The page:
Kelly Reichardt’s film is an intimate portrait of friendship and a provoking portrayal of life on the American frontier
In Kelly Reichardt’s First Cow, two outsiders meet in a forest in 19th century Oregon. Otis ‘Cookie’ Figowitz (John Magaro), is a miserable employed cook who spends his days feeding a gang of fur-trapper roughnecks. King-Lu (Orion Lee) is a Chinese man fleeing murderous Russians he has wronged. An unlikely friendship is forged when the pair hatch a plan to steal milk from the county’s sole dairy cow to bake and sell delicious ‘oily cakes’ at the local market. It’s an instant success, drawing lines of eager customers willing to spend their hard-earned cash on deep-fried dough. As their friendship grows, so does their business and the milk theft stakes.
Set against the proto-capitalist backdrop of the 1820s fur trade boom and amid the gold rush, First Cow is both an intimate portrait of friendship and a provoking portrayal of life on the frontier. Cookie is an orphaned drifter from Maryland, whose sensitive disposition feels at odds with his ruthless surroundings. King-Lu, on the other hand, is sharp-witted and worldly. He sees America as a land of riches, ripe for the picking. Both men are outcasts, and together they dream of making their fortune.
“There’s a commonality in that they're both outsiders in this harsh world. And then if you want to get esoteric about it, they’re soulmates in a way,” says Magaro, who’s previously starred in The Big Short and Orange is the New Black. “I don’t think they realise that obviously, they don’t understand that. But there is a deep connection between them, and that obviously develops throughout the story.”
Reichardt wrote the script with regular collaborator Jon Raymond, whose novel The Half-Life serves as the source material. The film opens with a quote from William Blake’s Proverbs of Hell: “The bird a nest, the spider a web, man friendship”. Indeed, there’s something distinctly endearing about the relationship between Cookie and King-Lu. Their camaraderie – which draws comparisons to another western, 1969’s Butch Cassidy and the Sundance Kid – stems from a common cause: loneliness. But it’s not long until the pair start confiding in each other with their hopes and dreams.
“I think we were initially driven by a need, I think King Lu is a very astute judge of character, and so he sees somebody that he thinks he can trust,” Lee says. “But at the same time, he needs to trust in somebody at that point in time as well.”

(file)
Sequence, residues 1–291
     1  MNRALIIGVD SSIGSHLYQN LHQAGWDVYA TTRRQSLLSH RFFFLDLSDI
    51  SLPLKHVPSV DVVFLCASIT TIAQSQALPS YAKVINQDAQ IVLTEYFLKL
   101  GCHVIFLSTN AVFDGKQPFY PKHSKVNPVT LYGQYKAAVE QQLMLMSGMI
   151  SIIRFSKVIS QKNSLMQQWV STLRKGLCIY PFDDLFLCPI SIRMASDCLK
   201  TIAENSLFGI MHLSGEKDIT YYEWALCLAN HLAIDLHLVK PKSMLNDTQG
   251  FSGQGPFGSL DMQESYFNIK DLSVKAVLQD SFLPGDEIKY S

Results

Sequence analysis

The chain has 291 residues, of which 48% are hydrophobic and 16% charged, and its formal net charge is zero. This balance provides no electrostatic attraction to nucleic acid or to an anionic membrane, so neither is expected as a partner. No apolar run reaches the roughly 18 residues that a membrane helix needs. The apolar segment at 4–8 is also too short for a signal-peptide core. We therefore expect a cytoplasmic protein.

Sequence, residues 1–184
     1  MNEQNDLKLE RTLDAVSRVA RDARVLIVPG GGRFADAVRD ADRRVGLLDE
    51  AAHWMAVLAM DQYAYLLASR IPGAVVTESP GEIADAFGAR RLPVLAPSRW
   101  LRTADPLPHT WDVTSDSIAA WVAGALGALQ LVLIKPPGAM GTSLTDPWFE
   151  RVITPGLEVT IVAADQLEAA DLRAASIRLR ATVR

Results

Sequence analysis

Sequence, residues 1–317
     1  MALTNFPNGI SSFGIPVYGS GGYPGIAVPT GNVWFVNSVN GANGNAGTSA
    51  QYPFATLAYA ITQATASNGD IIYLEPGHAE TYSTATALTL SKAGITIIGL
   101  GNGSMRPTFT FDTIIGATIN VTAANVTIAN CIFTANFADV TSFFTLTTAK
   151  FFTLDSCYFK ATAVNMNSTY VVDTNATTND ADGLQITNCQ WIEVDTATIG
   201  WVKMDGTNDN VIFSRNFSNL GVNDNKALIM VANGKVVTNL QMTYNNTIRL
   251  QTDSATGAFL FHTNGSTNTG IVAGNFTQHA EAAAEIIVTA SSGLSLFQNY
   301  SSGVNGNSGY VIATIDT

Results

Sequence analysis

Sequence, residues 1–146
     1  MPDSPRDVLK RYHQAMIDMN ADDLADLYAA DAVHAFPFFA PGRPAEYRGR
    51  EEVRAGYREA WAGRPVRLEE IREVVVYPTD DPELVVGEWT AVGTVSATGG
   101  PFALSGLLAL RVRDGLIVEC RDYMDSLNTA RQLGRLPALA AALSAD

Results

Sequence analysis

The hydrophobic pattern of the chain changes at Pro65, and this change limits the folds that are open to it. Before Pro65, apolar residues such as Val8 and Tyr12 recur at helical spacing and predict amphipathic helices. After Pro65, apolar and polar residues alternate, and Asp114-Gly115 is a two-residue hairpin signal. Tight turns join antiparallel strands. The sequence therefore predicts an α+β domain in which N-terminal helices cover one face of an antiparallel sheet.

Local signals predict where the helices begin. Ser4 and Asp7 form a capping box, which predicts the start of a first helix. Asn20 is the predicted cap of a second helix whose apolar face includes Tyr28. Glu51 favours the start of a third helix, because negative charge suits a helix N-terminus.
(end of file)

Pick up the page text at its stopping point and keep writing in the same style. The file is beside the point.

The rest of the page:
He pauses. “But then again, friendships, relationships, they all grow out of whatever in the beginning. You just need the two people to meet and then, as time goes by, it develops.”
Then there’s the film’s leading lady, the titular character listed in the credits simply as ‘Evie’. The brown, wet-eyed cow’s entry into the film – gliding along the Columbia River on a barge in the dappled afternoon sun – is glorious. “She was really sweet,” says Magaro. “The humans were the ones who would fuck things up. The cow was great.”
Some of the film’s most heartwarming and intimate moments take place during the covert nighttime milking scenes. Cookie sneaks into her field while King-Lu keeps watch in the nearby tree. It’s here that Cookie spends tender moments with the cow, consoling her on the death of her family, and reassuring her of her good luck (“you’ve got a good place here,” he tells her).
“Friendships, relationships, they all grow out of whatever in the beginning. You just need the two people to meet and then, as time goes by, it develops” – Orion Lee
“We formed a pretty good bond,” says Magaro. “I really loved the scenes where we were sitting talking to her in the night. I would bribe her with treats. Those were some of my favourite moments.”
“I never met her, because I was up in a tree,” Lee interjects. “I never saw the scenes and I – or King Lu – was so jealous when I saw it in the cinema. I – Orion – was like, ‘damn it John, you’re so good at that’. And the other part as King-Lu was like, ‘You had this kind of relationship with the cow? How come you didn’t talk to me like that?’” he waves his arms around. “Angry wife,” Magaro quips, and they both laugh.
On a closer reading, First Cow could be ingested as a critique of the formative failures of capitalism. Cookie and King-Lu must steal from the rich in order to make their riches, while the ruling class – the cow’s owner is the Chief Factor (played by a perfectly pompous Toby Jones) – profit off immigrant labour and the native Americans, with little regard for the land they’ve pillaged. Magaro disagrees: “I didn’t think of this as a capitalist story, because approaching it from Cookie’s perspective, he’s part of it. He's perfectly willing to be a capitalist and certainly King Lu is.”
“I definitely think it’s about capitalism, but not in the sense of this is a story about capitalism, it’s just because I look at it through the lens of King Lu,” interjects Lee. “And King Lu is an entrepreneur, so he’s always looking for business and money, and where it is and how it can be made.”
First Cow is a story of danger and hubris, and the necessity of both in securing any great fortune. Upon this, Reichardt uses the harsh climate of rural America to set the stage for a compassionate story of friendship, interrogating the very foundations on which the country and society has been built.
First Cow is out now